Focusing primarily on economic subsistence – and, by extension, economic betterment – does not guarantee, for instance, the right to free speech or the right to vote. So, it is unclear whether Zhang Jun, the Chinese ambassador to the U.N., is correct when he says that the Global Development Initiative “will surely make an important contribution[30] to the international human rights cause.”

Third, the fact that the development initiative is not solely about development is clear from its connection[31] to another of Xi’s new projects, announced in April 2022 at the Boao Forum for Asia, which promotes economic integration. This project, named the Global Security Initiative[32], seeks to challenge the U.S. Indo-Pacific strategy[33] and to question “Cold War mentality[34]” that would “exacerbate security challenges[35]” in the 21st century. Global development and security initiatives are linked because Xi has explicitly stated that security is a precondition for development[36].

The threat of war

The Global Security Initiative represents, in part, Beijing’s response to Russia’s war with Ukraine. Xi stated that security was a precondition for development[37] and that nations ought to respect the legitimate security concerns of all nations[38]. In a counterpoint to NATO and the actions of the U.S.-led alliance among Western nations, Xi also pointed out that nations ought to reject the Cold War mentality[39] and oppose the wanton use of unilateral sanctions and long-arm jurisdiction[40].

Taken together, it is not clear whether China is truly interested in promoting global development, in increasing security and human rights for all people, or in replacing the U.S.-led world order by proposing development initiatives without specifics or accountability. It will be important to look not only at what China says it wants to do on the world stage but at what it actually does.

References

  1. ^ representing the second-largest economy in the world (www.bbc.com)
  2. ^ Xi Jinping (www.britannica.com)
  3. ^ Belt and Road Initiative (www.cfr.org)
  4. ^ hundreds of billions of dollars (knowledge.wharton.upenn.edu)
  5. ^ they are harming nature (theconversation.com)
  6. ^ stringent conditions (www.ft.com)
  7. ^ weak bargaining power (www.bbc.com)
  8. ^ more economic and political power (theconversation.com)
  9. ^ took loans from China (www.asianews.it)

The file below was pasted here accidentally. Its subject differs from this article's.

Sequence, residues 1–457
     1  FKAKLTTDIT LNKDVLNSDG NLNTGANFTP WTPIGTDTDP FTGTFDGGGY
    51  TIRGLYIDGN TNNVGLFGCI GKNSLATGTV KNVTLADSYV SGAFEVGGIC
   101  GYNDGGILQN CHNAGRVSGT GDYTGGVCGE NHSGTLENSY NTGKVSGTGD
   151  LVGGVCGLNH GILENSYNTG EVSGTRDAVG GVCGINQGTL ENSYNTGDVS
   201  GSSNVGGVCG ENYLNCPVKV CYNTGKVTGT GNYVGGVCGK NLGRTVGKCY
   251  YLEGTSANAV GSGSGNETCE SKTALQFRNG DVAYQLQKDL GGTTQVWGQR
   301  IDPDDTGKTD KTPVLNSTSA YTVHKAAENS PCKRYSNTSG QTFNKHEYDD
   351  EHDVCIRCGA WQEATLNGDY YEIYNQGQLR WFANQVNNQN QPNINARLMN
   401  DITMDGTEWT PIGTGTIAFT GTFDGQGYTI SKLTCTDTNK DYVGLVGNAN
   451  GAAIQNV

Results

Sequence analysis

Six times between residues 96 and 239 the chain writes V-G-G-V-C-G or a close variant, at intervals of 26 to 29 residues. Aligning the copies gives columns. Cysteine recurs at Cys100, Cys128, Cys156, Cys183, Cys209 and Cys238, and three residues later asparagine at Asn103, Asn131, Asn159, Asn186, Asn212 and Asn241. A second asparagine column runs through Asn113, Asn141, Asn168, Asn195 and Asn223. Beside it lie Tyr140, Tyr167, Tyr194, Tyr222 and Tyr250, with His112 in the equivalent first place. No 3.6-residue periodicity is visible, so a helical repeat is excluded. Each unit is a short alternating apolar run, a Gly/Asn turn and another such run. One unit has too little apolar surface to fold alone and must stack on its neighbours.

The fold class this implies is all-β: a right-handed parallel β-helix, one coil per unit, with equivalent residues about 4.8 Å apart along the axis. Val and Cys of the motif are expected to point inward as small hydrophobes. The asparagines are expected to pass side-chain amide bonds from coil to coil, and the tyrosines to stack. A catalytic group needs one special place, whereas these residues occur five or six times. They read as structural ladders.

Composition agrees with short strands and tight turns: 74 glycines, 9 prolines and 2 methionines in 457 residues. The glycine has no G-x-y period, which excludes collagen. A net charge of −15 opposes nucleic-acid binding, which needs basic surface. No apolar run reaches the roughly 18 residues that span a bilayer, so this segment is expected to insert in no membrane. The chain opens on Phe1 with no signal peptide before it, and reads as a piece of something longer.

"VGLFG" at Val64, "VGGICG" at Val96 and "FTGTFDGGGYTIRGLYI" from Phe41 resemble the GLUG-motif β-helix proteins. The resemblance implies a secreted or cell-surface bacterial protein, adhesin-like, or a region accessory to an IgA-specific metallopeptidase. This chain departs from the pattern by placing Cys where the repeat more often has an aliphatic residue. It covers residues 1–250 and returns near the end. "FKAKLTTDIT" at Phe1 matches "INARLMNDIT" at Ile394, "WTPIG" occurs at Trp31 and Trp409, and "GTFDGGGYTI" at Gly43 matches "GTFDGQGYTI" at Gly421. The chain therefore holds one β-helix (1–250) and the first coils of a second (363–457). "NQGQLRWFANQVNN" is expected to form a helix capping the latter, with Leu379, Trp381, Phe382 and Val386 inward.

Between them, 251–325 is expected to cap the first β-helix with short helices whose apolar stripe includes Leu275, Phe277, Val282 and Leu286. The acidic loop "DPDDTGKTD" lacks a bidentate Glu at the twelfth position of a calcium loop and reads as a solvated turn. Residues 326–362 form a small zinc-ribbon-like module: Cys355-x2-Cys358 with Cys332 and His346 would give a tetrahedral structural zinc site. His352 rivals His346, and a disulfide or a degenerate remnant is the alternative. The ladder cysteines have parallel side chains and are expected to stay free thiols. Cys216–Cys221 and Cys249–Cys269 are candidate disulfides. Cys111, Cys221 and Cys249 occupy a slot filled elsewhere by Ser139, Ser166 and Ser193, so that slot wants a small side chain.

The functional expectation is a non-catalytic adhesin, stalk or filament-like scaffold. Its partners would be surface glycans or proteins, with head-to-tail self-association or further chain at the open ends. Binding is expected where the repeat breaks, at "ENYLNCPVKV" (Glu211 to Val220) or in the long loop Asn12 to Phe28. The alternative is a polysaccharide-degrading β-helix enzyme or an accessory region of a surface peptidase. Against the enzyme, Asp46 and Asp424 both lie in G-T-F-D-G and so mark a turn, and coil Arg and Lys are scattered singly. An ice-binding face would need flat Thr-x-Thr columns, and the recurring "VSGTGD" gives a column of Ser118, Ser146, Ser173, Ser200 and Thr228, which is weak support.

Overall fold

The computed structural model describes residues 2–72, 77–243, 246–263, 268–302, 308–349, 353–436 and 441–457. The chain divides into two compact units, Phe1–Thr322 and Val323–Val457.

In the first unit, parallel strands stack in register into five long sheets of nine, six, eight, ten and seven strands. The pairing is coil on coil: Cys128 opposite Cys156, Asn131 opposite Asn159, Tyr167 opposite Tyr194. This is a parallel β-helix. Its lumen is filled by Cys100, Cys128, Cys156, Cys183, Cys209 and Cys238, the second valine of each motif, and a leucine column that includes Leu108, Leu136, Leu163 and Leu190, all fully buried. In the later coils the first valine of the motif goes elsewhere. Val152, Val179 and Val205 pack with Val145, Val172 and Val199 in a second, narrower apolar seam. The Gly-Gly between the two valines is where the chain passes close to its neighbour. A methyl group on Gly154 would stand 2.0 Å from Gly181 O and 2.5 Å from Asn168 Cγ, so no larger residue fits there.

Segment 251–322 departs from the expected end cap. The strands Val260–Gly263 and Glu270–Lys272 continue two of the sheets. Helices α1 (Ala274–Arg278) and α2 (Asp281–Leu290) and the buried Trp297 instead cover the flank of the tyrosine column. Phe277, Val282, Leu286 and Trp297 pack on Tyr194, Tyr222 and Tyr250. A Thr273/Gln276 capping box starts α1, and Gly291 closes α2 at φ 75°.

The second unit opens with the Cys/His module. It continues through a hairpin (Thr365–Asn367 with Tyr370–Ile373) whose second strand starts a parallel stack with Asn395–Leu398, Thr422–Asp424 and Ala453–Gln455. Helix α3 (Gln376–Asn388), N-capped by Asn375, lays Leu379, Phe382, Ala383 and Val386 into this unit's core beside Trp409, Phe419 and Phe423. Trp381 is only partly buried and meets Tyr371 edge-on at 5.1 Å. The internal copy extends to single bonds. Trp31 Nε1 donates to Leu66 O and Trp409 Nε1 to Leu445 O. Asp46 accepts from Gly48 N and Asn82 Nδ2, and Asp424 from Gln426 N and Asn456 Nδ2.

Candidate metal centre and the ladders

10. ^ difficult to repay (www.bbc.com)
  11. ^ faltering economies (blogs.imf.org)
  12. ^ Photo by Ken Lawrence on Unsplash. (unsplash.com)
  13. ^ CC BY (creativecommons.org)
  14. ^ influence at a global scale (www.brookings.edu)
  15. ^ criticism (www.csis.org)
  16. ^ Global Development Initiative (www.gmfus.org)
  17. ^ 76th session (www.globaltimes.cn)
  18. ^ process of global development (borgenproject.org)
  19. ^ 2030 agenda for sustainable development (www.un.org)
  20. ^ greener and healthier global development (www.fmprc.gov.cn)
  21. ^ people-centered development (global.chinadaily.com.cn)
  22. ^ international development cooperation (asianews.network)
  23. ^ 100 nations (news.cgtn.com)
  24. ^ My research (scholar.google.com)
  25. ^ Photo by Alejandro Luengo for Unsplash (unsplash.com)
  26. ^ CC BY (creativecommons.org)
  27. ^ couched in generalities (www.economist.com)
  28. ^ right to subsistence (www.google.com)
  29. ^ food and clothing (www.fmprc.gov.cn)
  30. ^ important contribution (www.fmprc.gov.cn)
  31. ^ its connection (www.sunnewsonline.com)
  32. ^ Global Security Initiative (www.business-standard.com)
  33. ^ Indo-Pacific strategy (www.whitehouse.gov)
  34. ^ Cold War mentality (thediplomat.com)
  35. ^ exacerbate security challenges (thediplomat.com)
  36. ^ security is a precondition for development (www.brixsweden.org)
  37. ^ precondition for development (www.brixsweden.org)
  38. ^ legitimate security concerns of all nations (www.brixsweden.org)
  39. ^ reject the Cold War mentality (www.brixsweden.org)
  40. ^ long-arm jurisdiction (www.brixsweden.org)

Authors: Amitrajeet A. Batabyal, Distinguished Professor and Arthur J. Gosnell Professor of Economics, Rochester Institute of Technology

Read more https://theconversation.com/china-has-a-new-global-development-initiative-but-who-will-actually-benefit-from-it-187561